Session Type: Poster Session (Monday)
Session Time: 9:00AM-11:00AM
Background/Purpose: The first symptoms of ankylosing spondylitis (AS) patients usually begin prior to 45 years, but can occur later in life. The purpose of this study is to evaluate the efficacy and safety of anti-TNFα treatment in late-onset AS (LoAS) patients in comparison to those with adult onset AS (AoAS).
Methods: We studied AS patients in TURKBIO registry between the dates of January 2011 and November 2018. All the patients fulfilled the modified New York criteria for AS and were classified into 2 groups based on their age at symptom onset: AoAS (age >16 but ≤45 years); and LoAS (age >45 years). In both groups, the following data were evaluated and compared: (1) epidemiological variables (2) clinical manifestations, including signs and symptoms at diagnosis; (3) laboratory results (4) disease activity markers and follow-up parameters (BASDAI, ASDAS-CRP and HAQ); (5) previous and current treatments (6) adverse events.
A total of 2551 AS patients (91,1% with AoAS and 8.9% with LoAS) were included in the study. LoAS group had more female patients, older age, shorter disease duration, shorter diagnostic delay, higher initial ESR and less HLA-B27 positivity compared to the AoAS (Table 1). Peripheral arthritis (not statistically significant) and dactylitis was seen more common in the LoAS. The frequency of other involvements was similar between the groups (Table1).The frequency of using drugs was similar between each groups although the use of glucocorticoids and sulphasalazine was more common in the LoAS. Switching from the first anti-TNFa treatment to the second one was more common in the AoAS. However, there was found no significant difference between the two groups in 2 or more switch ratios (Table 1). At the latest visit after the anti-TNFα therapy, the mean improvement in BASDAI was significantly higher in the AoAS (Table 2). A total of 10 (4.4%) serious adverse events were reported in LoAS and 39 (1.7%) in AoAS patients in the follow-up (HR: 2.62; 95% CI: 1.32–5.18). Severe infections were the most commonly seen serious adverse events (1.3% in LoAS and 0.8% in AoAS), followed by rash and allergic reactions (0.9% in LoAS and 0.3% in AoAS). Tuberculosis was observed in 2 patients (0.9%) in LoAS and 9 (0.4%) in AoAS, malignancy in 3 patients (1.3%) in LoAS and 6 (0.3%) in AoAS.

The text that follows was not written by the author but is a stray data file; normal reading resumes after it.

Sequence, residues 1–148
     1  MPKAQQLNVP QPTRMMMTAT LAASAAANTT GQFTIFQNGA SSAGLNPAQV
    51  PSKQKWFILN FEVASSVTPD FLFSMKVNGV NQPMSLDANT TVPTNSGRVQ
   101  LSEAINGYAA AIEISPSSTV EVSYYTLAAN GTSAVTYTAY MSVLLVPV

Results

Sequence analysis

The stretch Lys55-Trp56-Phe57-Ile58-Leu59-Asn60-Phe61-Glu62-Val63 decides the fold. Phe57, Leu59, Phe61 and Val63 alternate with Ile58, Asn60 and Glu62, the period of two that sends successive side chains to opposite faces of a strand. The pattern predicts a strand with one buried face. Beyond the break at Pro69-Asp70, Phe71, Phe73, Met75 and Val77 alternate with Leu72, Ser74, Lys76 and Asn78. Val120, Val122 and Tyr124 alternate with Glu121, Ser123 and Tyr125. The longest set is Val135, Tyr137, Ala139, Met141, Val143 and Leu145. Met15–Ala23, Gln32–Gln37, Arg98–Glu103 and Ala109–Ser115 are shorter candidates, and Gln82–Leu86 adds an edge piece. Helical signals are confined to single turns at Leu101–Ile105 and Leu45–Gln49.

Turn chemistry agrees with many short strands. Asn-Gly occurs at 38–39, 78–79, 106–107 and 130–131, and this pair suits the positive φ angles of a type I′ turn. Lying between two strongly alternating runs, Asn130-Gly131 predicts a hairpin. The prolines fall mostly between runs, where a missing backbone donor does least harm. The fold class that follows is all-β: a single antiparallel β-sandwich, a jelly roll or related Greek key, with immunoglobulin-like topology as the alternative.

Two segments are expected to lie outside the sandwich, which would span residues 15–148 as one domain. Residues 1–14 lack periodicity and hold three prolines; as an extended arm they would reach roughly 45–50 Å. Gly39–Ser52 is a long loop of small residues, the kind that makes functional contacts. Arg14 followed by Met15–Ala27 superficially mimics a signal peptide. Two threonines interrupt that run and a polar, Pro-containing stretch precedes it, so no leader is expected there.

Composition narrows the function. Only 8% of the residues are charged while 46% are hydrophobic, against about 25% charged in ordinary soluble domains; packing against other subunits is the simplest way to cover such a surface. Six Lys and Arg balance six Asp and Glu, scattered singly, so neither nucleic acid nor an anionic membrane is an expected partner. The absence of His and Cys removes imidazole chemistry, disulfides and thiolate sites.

Conclusion: Our data showed that almost 8.9% of the patients with AS had late-onset of symptoms. The results suggested that LoAS patients might have different demographic, clinical features, disease activity parameters at baseline. The frequency of anti-TNFα use and response rate to the treatment was also similar in LoAS to those in AoAS patients. The patients with LoAS seem to have more common severe adverse events compared to the AOAS patients possibly related to their older age.
To cite this abstract in AMA style:Uslu S, Can G, Cefle A, Yılmaz S, Kocaer S, Yüce İnel T, Gülle S, Koca S, Yolbaş S, Öztürk M, Senel S, Inanc N, Dalkılıç E, Gunduz O, Tufan A, Akar S, Birlik M, Sari I, Akkoç N, Onen F. The Efficacy and Safety of Anti-TNFα Treatment in Ankylosing Spondylitis Patients with Late Onset Compared to Those with Adult Onset; The Data from TURKBIO Registry [abstract]. Arthritis Rheumatol. 2019; 71 (suppl 10). https://acrabstracts.org/abstract/the-efficacy-and-safety-of-anti-tnf%ce%b1-treatment-in-ankylosing-spondylitis-patients-with-late-onset-compared-to-those-with-adult-onset-the-data-from-turkbio-registry/. Accessed October 27, 2021.
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ACR Meeting Abstracts - https://acrabstracts.org/abstract/the-efficacy-and-safety-of-anti-tnf%ce%b1-treatment-in-ankylosing-spondylitis-patients-with-late-onset-compared-to-those-with-adult-onset-the-data-from-turkbio-registry/